Ever since winning their first seat in Brighton Pavillion, the Green Party has been talking about a “Green Surge”. Caroline Lucas has gained national attention and favourbility among the left for her stances on the environment and Brexit, among other things. But the question is, has this actually materialised in a real surge? In the time that the Green party won their first seat till now, the SNP went from six seats to 56 seats, down to 36 and then back to 48. UKIP came, claimed two seats in by-elections, and held one of them in the general election before collapsing. Nigel Farage has been retired on and off numerous times and we have had 3 other general elections, so we have to ask, has there really been a “Green Surge”?
2015 General Election
2015 was the first election following their first seat win, in Brighton Pavilion, and had then-leader Natalie Bennett, who now sits in the Lords. The expectation was this was going to be the big break for the Green Party, after winning a seat, and seeing insurgencies of other political parties. The hype around the Greens, coming from the leadership, was incredibly large. They were at televised leadership debates, and had multiple radio interviews that were not simply about green issues. There was a real momentum with membership increasing, and even I, myself, was catching the Green Party bug, though that did not last. The polls were showing the Greens to get 4%-6% of the national vote, but not increase their seats, this was consistent throughout the general election, with sometimes going higher, and sometimes going lower, but generally consistent within this margin.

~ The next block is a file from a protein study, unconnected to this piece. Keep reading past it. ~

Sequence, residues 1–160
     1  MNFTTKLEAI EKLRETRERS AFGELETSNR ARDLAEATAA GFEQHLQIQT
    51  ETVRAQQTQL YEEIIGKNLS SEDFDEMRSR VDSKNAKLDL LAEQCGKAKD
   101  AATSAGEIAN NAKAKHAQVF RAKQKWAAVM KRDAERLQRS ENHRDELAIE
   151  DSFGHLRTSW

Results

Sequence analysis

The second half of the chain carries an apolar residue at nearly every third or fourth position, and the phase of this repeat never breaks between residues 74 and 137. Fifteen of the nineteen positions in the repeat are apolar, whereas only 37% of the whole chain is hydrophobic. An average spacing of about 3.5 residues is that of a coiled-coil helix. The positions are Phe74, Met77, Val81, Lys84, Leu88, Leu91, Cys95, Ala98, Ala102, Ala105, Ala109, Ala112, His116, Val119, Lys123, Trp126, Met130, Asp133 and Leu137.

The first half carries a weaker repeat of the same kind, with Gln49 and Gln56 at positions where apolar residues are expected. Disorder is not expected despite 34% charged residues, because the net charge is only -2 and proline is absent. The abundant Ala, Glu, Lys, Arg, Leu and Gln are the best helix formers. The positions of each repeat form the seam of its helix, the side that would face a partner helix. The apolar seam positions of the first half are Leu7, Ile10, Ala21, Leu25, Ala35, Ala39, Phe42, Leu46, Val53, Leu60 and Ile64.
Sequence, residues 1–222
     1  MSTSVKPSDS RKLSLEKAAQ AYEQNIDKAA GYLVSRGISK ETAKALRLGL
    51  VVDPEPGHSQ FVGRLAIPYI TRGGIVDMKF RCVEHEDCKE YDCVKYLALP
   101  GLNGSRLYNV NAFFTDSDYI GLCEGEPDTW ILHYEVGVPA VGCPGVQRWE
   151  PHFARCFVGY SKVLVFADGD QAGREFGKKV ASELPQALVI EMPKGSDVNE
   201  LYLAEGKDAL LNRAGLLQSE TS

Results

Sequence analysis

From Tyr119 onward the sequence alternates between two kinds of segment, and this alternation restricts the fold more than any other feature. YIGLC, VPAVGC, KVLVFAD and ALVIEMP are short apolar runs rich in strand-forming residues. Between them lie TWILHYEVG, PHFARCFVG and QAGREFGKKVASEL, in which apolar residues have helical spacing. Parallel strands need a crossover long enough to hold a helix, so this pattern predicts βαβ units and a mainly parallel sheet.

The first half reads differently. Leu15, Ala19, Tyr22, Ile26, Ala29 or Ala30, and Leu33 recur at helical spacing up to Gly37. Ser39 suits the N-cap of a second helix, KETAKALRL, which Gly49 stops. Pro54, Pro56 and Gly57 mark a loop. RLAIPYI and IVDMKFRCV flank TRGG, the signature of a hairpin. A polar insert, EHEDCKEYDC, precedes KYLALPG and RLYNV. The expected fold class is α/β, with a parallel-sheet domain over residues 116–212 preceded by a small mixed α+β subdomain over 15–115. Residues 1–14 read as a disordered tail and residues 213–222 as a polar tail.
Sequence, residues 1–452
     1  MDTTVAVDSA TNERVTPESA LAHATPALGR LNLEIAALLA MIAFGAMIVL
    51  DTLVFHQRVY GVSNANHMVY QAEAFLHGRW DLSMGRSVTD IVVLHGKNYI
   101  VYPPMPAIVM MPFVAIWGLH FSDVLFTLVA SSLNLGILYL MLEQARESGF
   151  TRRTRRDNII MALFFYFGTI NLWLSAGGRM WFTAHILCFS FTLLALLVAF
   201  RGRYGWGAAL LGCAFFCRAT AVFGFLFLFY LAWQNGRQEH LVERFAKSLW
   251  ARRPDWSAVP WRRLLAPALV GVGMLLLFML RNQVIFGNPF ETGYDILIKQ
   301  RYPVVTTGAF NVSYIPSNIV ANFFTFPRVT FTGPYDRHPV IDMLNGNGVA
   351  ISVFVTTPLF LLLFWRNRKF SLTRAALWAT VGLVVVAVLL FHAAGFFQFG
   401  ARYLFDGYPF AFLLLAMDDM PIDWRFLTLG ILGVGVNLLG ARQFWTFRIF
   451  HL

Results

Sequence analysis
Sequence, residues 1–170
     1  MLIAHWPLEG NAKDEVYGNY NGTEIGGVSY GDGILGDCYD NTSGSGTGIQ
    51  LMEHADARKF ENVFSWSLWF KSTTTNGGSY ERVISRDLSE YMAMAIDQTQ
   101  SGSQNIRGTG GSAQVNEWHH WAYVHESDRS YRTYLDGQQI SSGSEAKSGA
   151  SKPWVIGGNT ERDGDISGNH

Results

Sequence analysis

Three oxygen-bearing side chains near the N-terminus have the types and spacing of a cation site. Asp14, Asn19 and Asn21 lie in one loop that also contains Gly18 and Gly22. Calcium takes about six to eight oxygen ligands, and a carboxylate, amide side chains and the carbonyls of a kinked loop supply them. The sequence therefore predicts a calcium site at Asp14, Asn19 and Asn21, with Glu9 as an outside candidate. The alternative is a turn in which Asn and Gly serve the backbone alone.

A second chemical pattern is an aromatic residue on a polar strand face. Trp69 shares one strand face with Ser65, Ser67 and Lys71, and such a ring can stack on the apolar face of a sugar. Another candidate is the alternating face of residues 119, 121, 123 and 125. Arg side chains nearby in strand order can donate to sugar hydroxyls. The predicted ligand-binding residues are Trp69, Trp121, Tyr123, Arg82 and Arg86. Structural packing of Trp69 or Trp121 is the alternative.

On election night, it seemed to be getting off to a positive start, with the exit poll projecting a gain in Norwich South. In reality though, it was only an exit poll, and the Green Party only achieved 13.9%, putting them in third place and ahead of outgoing MP, Simon Wright. Their other target, Bristol West, was more triumphant going up to second on 28%, an increase of 23%, which made it seem that perhaps next election they could make a charge on the seat, but that was a share shining light in their performance. On a night where the SNP were making tectonic shifts in politics and UKIP were making massive vote share gains around the country, it appeared underwhelming.
Their overall vote share did jump to 3.8%, an increase of 2.8%. This may appear good, but there is one massive influence that changed this, and was likely a key factor in how they were able to increase their vote share, the fact that this time, the Green Party stood in 538 seats in Wales and England. Scottish Greens being separate means that they have separate candidates, vote share and MP’s, though the Scottish Greens have never won in Scotland via First Past the Post in either the Holyrood or Westminster elections. This attributes the increase in vote share to the more seats being stood in, and some gains in vote share in the seats they already had been standing in, but not really enough to be the surge that was being anticipated by pundits and the leadership of the party.
2017 General Election